The Giver


OPD: 1993

There has been a renewed interest in this book since the recent release of a movie based on its story. I haven’t seen the movie, but I know that the book is a quiet, unsettling exploration of a world in which people have chosen to abdicate choice and personal responsibility in return for a sanitized, colorless, controlled existence that guarantees them freedom from suffering and pain. Except for one person, the Giver, an enigmatic old man chosen to bear the memories of the world before the new system was imposed. When Jonas, a young boy, is chosen to be the next Giver, what he discovers, and tastes, and feels for the first time, threatens to change everything. Caution: this is a book for older readers who can handle discussions of euthanasia, death, and morally complex situations.



The Hobbit


OPD: 1937

This classic tale of Bilbo, a member of the the little-known race of garden loving, pipe-smoking, gentle-hearted Hobbits has the hominess of an English folktale combined with the high romance and epic drama that would mark Tolkien’s later work in The Lord of the Rings. An old fashioned fairy-tale centering on twelve dwarves intent on recovering their ancient home (and their gold, for dwarves are lovers of gold) from the awful dragon Smaug, this story of Bilbo, the “burglar” who comes along as a member of their party also examines the motives of the heart, the nature of greed, and the strength that comes in unexpected places.

Delightful, vivid, with sylvan elves and bear men and daughty warriors, no adventurous young reader should miss this story.

Further, in the words of the venerable C.S. Lewis:

For it must be understood that this is a children’s book only in the sense that the first of many readings can be undertaken in the nursery. Alice is read gravely by children and with laughter by grown ups; The Hobbit, on the other hand, will be funnier to its youngest readers, and only years later, at a tenth or a twentieth reading, will they begin to realise what deft scholarship and profound reflection have gone to make everything in it so ripe, so friendly, and in its own way so true. Prediction is dangerous: but The Hobbitmay well prove a classic.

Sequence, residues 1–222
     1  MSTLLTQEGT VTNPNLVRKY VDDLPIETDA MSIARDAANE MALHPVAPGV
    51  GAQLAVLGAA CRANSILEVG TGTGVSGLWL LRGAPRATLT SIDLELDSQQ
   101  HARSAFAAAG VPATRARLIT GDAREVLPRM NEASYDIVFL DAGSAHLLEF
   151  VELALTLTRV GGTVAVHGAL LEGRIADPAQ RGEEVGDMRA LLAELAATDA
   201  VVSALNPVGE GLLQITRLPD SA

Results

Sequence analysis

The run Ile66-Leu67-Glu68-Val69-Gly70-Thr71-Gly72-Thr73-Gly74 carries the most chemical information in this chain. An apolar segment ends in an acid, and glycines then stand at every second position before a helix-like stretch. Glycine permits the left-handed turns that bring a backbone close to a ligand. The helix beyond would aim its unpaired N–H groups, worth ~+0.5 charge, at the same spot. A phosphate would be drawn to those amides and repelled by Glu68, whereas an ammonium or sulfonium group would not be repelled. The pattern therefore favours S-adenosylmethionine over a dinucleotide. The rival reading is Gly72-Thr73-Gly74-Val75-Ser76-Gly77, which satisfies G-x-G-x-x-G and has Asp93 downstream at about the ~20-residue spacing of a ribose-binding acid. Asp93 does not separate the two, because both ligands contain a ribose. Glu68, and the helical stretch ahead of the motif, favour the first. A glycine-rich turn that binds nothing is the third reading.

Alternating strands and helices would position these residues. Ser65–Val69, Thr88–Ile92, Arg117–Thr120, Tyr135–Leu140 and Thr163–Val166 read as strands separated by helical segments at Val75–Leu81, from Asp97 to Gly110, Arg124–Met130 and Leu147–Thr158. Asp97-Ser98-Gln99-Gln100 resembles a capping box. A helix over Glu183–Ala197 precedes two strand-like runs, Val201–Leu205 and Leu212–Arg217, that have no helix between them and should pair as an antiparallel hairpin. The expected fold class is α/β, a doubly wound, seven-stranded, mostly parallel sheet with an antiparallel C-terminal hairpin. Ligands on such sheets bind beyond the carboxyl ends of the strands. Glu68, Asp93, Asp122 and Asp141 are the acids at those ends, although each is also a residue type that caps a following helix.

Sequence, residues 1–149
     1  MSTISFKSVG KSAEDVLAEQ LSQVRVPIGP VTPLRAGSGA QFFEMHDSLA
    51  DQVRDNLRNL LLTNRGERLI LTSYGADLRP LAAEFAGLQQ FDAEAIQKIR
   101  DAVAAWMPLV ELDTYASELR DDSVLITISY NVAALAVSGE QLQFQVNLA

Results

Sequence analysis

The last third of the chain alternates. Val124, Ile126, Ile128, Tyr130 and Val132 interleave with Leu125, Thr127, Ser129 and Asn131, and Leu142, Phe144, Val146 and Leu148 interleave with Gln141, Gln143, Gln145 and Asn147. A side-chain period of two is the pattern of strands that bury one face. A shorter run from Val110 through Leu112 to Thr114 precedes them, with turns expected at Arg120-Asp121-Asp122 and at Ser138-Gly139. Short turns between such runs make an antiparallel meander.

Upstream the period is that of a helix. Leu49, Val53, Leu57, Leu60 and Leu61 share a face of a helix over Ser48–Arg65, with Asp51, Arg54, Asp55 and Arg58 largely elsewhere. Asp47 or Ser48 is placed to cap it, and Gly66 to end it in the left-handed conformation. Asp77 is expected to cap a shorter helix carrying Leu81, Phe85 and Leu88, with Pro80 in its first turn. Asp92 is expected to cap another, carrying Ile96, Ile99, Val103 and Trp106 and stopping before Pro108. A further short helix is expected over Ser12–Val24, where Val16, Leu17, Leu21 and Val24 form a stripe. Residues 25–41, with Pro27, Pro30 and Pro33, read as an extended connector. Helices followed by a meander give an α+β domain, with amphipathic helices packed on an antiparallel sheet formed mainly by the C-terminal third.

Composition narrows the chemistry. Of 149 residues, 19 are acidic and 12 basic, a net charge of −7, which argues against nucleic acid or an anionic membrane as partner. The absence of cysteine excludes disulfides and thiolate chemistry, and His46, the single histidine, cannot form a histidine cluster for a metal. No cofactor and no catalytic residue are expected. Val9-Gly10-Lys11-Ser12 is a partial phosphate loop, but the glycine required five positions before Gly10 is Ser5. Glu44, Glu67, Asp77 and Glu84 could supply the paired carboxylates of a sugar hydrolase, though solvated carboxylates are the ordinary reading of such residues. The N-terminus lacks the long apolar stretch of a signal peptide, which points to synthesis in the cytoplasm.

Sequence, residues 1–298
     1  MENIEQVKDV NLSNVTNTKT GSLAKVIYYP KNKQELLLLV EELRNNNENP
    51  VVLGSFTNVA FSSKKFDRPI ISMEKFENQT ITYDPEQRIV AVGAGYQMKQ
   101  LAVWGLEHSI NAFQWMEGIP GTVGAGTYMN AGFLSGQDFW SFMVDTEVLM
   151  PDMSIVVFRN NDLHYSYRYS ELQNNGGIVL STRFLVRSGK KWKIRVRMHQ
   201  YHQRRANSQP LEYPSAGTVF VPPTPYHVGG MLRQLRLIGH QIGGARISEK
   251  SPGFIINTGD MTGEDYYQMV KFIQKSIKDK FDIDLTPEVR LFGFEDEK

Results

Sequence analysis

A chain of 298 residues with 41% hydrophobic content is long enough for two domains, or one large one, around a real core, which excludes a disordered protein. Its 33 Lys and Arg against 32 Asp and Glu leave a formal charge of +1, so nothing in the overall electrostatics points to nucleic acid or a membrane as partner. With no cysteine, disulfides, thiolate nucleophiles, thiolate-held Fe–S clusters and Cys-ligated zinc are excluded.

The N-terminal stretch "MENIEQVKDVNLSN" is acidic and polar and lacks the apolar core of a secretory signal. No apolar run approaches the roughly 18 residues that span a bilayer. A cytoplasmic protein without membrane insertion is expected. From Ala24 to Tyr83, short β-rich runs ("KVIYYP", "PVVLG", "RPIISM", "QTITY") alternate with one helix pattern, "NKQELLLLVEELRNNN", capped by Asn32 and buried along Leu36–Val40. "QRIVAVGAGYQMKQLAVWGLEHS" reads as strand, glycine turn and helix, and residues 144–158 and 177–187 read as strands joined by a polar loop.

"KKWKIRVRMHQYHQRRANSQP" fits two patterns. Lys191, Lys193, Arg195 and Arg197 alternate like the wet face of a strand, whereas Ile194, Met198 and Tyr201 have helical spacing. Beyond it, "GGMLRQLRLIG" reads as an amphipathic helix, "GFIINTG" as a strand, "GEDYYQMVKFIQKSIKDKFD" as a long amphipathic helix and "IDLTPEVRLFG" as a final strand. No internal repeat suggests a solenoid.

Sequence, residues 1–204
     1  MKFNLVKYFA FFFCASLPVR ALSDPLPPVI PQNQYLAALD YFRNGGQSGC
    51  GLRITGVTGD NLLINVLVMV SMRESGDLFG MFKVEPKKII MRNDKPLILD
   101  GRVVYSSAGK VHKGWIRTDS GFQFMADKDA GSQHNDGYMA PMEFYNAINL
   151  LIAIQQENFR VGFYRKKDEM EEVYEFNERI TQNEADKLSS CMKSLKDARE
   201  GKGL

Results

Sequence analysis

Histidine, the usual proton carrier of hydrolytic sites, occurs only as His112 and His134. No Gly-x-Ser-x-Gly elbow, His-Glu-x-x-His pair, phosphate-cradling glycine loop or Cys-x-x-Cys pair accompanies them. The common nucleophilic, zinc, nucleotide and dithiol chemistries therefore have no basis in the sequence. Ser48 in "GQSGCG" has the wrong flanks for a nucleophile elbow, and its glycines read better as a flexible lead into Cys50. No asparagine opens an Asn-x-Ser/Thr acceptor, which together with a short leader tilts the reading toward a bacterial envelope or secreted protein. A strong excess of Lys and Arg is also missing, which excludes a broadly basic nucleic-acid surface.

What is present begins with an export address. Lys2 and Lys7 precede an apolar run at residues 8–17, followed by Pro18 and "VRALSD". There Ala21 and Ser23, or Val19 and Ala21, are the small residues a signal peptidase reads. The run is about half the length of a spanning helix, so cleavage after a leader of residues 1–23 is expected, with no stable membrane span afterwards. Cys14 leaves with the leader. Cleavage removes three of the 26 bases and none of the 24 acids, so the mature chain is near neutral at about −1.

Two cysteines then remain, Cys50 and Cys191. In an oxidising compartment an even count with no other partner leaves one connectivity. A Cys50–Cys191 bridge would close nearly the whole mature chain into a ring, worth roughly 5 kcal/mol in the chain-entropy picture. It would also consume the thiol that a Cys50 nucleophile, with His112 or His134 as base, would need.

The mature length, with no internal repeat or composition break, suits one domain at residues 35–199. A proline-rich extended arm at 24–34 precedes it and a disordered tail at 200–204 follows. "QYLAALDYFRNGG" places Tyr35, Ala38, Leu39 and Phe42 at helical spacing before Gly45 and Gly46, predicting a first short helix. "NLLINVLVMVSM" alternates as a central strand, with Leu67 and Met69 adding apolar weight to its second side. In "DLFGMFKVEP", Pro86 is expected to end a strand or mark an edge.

-From a review published in the Times Literary Supplement (2 October 1937), 714.


The Man Who Was Thursday


OPD: 1908

This was the most discussed book of my teenage years. Several friends and I had an ongoing discussion regarding Chesterton’s topsy turvy, vivid, confusing story of a Gabriel Syme, a brave man plumbing the depths of an anarchist society and its dire plots in Victorian London. But all is not as it seems. For in a rollicking tale of pursuit and disguise with anarchist agents named after the days of the week, Syme finds he may not be hunting what he thinks he is after all. Not exactly allegory or fantasy, yet with the fantastical, symbolic elements of both, this dream, or “nightmare” (as Chesterton dubbed it) explores the confusing nature of a world so beautiful at times we cannot believe that evil is real, and so evil at others that we cannot believe that beauty will ever endure. Fascinating stuff.

Listen to me,” cried Syme with extraordinary emphasis. “Shall I tell you the secret of the whole world? It is that we have only known the back of the world. We see everything from behind, and it looks brutal. That is not a tree, but the back of a tree. That is not a cloud, but the back of a cloud. Cannot you see that everything is stooping and hiding a face? If we could only get round in front -” 


The Silmarillion


OPD: 1977